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Tomorrow Right Now

(Warp; US: 11 Mar 2003; UK: 10 Mar 2003)

On his debut full-length Tomorrow Right Now, Beans is both floating somewhere in the upper galaxies and cooling out on city streets. His style is at times way-out surrealism, like a slightly less bizarre Kool Keith, and at times old-school grit. And like his compadres in Anti-Pop Consortium, Beans’ rhymes are heavy on the words, recalling poetry-slam showstoppers as much as hip-hop songs. His ability to throw words in a frenzy meets his tendency to shift styles and hop decades, adding up to intoxicating music with a distinct personality.

The title Tomorrow Right Now could be “I am the future” braggadacio, appliance-ad style, but it’s also a reflection of Beans’ tendency to travel times and collapse them into one. If his oddball style and slightly sci-fi poetry make him seem like a futurist, he also takes serious dips into the sounds of the ‘70s and ‘80s and often adopts a more straightforward rhyming style reminiscent of hip-hop’s early years. “Phreek the Beet” is a gleeful trip into early ‘80s electro, a genre that nods its synthizer-laden head here and there throughout the album, while two acapella tracks—“Crave” and “Booga Sugar”—strip his sound down so far it’s like peeking back at the roots of rhyming. The acapella songs give Beans a chance to show off his vocal skills minus any embellishments, while displaying two very different sides of his music. “Crave” is a beat box-laden, singy-songy tribute to hip-hop that has a certain carefree showiness about it, while “Booga Sugar”, essentially a spoken poem, is a serious portrait of drug addiction.

One of the best tracks on the album is also stripped-down and direct: the meditative “Toast”, which puts listeners squarely in a very non-futuristic place: a New York City metro train. “Toast” takes full advantage of both an atmospheric soundscape and Beans’ nonlinear rhyming style to set up a feeling of introspection. The song feels like a heartfelt close-up look at the state of hip-hop, the state of America, the state of the world, yet its words are ambiguous and hard to pin down. It’s a reflection of the sort of thoughts you might have on a subway ride, and through ambiguity it leaves room for listeners to fill in their own. The song could be an examination of those topics or it could be about something else entirely, depending on how you hear his words; its world is yours.

While “Toast”‘s late-night urban mood drops listeners off in an aural location that’s likely familiar to hip-hop fans, elsewhere on Tomorrow Right Now Beans uses that same tactic to make you feel like you’ve been brought into less familiar locales. The sparse beats and odd noises that open and close “Mearle” use silence to evoke haunting, slightly uncomfortable places and feelings. That type of aura recurs throughout the album, particularly on three mysterious instrumentals, “Sickle Cell Hysteria”, “Rose Periwinkle Plum” and the dub-like “Xon”, but also in the backing beats to tracks like “Slow Broken” and “Walking By Night”.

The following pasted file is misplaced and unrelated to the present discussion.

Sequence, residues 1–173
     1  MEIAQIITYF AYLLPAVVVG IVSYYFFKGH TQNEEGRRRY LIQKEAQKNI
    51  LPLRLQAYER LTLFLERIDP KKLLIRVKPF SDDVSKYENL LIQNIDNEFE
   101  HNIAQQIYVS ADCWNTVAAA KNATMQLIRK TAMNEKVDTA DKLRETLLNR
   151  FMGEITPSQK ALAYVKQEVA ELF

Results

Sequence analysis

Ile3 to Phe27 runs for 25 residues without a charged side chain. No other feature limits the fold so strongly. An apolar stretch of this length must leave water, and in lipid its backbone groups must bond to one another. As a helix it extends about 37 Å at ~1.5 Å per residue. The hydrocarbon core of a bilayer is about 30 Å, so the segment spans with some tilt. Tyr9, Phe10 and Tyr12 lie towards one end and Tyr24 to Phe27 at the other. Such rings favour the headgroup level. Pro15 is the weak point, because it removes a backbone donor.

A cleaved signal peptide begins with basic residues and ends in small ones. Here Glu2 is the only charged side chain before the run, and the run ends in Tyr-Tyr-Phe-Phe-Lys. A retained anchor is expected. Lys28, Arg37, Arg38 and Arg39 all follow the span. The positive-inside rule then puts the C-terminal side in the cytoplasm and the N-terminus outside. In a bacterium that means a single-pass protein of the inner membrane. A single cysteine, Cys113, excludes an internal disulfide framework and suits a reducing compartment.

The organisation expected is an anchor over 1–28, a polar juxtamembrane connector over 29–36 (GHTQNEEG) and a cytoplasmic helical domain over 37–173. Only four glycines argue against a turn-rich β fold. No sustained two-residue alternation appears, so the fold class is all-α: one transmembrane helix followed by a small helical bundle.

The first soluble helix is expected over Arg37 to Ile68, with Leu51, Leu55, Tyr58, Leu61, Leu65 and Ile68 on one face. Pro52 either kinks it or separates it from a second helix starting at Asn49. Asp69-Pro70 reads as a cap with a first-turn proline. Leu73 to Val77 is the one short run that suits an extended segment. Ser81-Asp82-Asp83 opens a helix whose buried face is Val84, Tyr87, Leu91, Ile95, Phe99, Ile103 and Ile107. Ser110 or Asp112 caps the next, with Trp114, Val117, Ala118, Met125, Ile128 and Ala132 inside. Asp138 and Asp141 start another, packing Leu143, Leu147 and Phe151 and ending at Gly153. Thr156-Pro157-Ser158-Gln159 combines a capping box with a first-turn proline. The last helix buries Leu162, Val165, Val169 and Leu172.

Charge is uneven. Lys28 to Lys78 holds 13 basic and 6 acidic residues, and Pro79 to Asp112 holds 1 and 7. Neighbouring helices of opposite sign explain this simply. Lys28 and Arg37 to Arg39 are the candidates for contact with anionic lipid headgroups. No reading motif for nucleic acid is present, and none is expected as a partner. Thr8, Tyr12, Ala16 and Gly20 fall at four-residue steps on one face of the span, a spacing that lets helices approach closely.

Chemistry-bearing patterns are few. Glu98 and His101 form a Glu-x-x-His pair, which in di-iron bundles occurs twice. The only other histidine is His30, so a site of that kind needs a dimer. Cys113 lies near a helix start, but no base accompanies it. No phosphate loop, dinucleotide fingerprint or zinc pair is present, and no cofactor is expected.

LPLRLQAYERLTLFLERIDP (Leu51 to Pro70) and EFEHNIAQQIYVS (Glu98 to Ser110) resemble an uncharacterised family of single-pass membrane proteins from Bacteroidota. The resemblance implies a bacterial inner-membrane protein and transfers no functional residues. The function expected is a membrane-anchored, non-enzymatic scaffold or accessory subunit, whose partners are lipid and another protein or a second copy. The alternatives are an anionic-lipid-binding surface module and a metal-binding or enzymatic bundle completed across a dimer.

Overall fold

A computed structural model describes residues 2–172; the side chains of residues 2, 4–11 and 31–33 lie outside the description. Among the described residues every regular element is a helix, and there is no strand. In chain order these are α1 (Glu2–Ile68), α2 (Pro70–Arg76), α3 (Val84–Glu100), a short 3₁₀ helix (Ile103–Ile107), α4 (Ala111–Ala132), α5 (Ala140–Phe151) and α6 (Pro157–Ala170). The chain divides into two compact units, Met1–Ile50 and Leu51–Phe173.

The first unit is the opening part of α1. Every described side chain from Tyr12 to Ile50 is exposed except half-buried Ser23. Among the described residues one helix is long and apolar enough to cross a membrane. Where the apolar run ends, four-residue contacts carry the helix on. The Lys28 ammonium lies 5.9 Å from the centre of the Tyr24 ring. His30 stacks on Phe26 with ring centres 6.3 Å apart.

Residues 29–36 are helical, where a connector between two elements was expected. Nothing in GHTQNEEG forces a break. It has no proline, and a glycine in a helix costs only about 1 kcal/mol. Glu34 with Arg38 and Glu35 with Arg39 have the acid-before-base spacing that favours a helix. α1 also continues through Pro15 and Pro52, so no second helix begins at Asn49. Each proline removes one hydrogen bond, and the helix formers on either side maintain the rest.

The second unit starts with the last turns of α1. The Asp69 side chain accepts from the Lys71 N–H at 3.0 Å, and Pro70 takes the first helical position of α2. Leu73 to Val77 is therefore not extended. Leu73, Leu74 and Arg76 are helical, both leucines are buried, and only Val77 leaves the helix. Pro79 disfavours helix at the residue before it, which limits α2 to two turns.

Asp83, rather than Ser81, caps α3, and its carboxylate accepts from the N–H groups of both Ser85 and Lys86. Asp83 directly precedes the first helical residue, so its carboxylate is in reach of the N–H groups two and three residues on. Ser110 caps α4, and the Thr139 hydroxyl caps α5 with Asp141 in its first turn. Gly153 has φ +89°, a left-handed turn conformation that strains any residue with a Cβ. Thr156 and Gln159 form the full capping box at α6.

“Booga Sugar” ends with the line “My reality is Booga Sugar”, indicating that the narrator’s worldview has been so dominated by a drug that the drug has become the worldview. Throughout Tomorrow Right Now, Beans seems fascinated with perspective, and with using sound to alter listeners’ versions of reality. Beans sends listeners into ghost worlds, into moments of meditation, into versions of the future, past and present filled with paranoia and confusion. Tomorrow is here now, and it’s filled with as much darkness as light. Beans ends the album with the question, “Why not do something sensible like shooting yourselves?”, but he phrases it in an over-the-top, cartoon way, making it unclear how serious he is. Like everything on Tomorrow Right Now, it carries with it multiple angles and perspectives, pointing at you to figure it out for yourself.

Dave Heaton has been writing about music on a regular basis since 1993, first for unofficial college-town newspapers and DIY fanzines and now mostly on the Internet. In 2000, the same year he started writing for PopMatters, he founded the online arts magazine, still around but often in flux. He writes music reviews for the print magazine The Big Takeover. He is a music obsessive through and through. He lives in Kansas City, Missouri.

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